“It would turn out to be an arduous and at times a painful process, but one that has provided me years of pleasure and satisfaction.  I suppose a lot like childbirth – and to that point, houses in a way, are living things that need love and attention to flourish and shine.”  – Miles Redd, The Big Book of Chic

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KRIS Likes… Entertaining Is Fun! How To Be A Popular Hostess by Dorothy Draper

Decorating and entertaining are halves of the same apple.  They are important parts of the art of living.  - Dorothy Draper, Entertaining is Fun! Pg. 3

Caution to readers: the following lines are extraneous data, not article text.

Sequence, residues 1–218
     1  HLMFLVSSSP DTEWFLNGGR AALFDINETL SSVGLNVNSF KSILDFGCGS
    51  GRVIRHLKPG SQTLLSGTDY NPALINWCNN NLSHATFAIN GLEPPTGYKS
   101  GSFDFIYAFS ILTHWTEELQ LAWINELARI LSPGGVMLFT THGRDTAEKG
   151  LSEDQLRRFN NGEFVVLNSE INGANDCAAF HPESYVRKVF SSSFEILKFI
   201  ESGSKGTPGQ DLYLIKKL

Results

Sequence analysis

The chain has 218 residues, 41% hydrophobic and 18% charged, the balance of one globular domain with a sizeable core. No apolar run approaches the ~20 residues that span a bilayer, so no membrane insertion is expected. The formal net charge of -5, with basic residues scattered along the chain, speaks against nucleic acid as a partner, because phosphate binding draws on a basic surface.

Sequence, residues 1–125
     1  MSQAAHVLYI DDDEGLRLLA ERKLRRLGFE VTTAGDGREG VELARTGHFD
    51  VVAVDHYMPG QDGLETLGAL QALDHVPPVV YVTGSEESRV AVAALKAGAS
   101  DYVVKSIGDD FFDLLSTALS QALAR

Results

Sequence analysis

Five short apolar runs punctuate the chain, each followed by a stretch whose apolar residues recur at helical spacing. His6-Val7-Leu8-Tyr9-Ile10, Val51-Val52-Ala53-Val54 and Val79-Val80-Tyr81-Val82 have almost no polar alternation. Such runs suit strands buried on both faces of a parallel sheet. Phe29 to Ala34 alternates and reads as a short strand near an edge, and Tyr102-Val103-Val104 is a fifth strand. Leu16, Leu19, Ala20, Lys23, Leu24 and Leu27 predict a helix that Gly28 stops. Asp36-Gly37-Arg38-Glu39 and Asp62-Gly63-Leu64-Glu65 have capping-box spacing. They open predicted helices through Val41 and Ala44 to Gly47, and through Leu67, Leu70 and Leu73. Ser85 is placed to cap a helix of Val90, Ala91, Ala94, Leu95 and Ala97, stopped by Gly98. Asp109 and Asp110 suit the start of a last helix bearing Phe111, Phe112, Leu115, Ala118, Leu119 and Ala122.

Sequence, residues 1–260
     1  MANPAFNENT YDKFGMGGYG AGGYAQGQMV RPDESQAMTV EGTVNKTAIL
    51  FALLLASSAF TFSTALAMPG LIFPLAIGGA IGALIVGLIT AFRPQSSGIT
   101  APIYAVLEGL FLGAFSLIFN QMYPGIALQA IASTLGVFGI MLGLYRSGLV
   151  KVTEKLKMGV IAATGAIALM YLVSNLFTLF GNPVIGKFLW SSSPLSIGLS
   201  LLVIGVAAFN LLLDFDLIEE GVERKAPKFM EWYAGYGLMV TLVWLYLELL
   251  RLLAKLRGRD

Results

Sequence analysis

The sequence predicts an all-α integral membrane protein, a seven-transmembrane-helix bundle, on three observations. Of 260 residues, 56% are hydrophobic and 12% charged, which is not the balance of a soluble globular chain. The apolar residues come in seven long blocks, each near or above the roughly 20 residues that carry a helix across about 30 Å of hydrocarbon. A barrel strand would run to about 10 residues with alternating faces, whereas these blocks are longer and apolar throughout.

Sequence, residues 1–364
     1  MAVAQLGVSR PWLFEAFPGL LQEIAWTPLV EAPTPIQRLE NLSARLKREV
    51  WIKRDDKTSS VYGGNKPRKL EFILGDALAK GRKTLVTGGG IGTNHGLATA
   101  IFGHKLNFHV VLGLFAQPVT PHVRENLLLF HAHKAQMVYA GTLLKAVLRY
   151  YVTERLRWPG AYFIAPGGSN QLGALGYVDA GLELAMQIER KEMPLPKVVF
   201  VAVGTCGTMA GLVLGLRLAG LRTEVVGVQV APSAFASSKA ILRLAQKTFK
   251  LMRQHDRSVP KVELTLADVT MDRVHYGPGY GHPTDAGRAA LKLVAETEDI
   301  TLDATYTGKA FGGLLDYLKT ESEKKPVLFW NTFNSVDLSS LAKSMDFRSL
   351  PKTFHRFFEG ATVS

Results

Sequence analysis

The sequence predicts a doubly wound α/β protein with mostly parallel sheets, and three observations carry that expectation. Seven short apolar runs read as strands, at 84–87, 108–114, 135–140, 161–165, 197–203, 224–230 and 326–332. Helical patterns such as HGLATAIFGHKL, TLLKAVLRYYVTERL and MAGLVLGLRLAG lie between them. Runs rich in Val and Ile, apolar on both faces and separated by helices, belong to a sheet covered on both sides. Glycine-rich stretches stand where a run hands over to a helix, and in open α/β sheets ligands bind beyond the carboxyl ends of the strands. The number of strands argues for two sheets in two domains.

There are very few things in life I love more than throwing a great party!  Nothing makes me happier than playing the hostess role and I credit much of that to my Grandmother, who has always thrown spectacular parties and who taught me that the secret to a great party was, above all, to have fun!  She always said that if the hostess was having a good time, everyone would have a good time.  She also has impeccable taste and her attention to detail never falters – two things that help when executing an evening for all to enjoy.   In Dorothy Draper’s book, Entertaining is Fun! the author expresses many of the same sentiments as my grandmother when it comes to being the best hostess one can be.  The book was published in 1941, and while it may no longer be possible to serve a dinner that costs only 50 cents per guest, Dorothy Draper’s advice still rings true. The book’s main focus is fighting what Dorothy calls our “Will To Be Dreary”.  Filled with fun antidotes like, “A delighted hostess is a delightful hostess” and “Your enjoyment is as contagious to your guests as the measles,” Dorothy gives her advice in a clever and memorable manner.  She covers every possible scenario for entertaining from entertaining yourself, your husband, a small group for cocktails or dinner, a large gala or wedding, even having weekend guests.   The book is filled with situational stories that remind me of one of Aesop’s fables, as each scenario ends with a hostesses dilemma being solved and/or a lesson about the positive effect entertaining had on the life of the hostesses.  For example, THE CASE HISTORY OF A LADY WHO THOUGHT FORMALITY MEANT FUSS tells a the tale of a woman from Montana whose husband ends up being elected to Congress.  This woman feels that she would rather die alone and miserable than have to host formal parties for her husbands new congressional colleagues.  The story ends with her making “the illuminating discovery that formality does not mean boredom and pomposity but grace and perfection of every detail”.  The most important lesson imparted by Mrs. Draper is that no matter what a person’s situation, where there is a will there is a way, and a good party can be the most simple cure to many of life’s problems!  And I have to say that I firmly agree!  Dorothy Draper’s recipe for a perfect party: “Take what you’ve got; mix well with imagination, courage, a dash of humor and the desire to enjoy life.  The result is guaranteed to please.”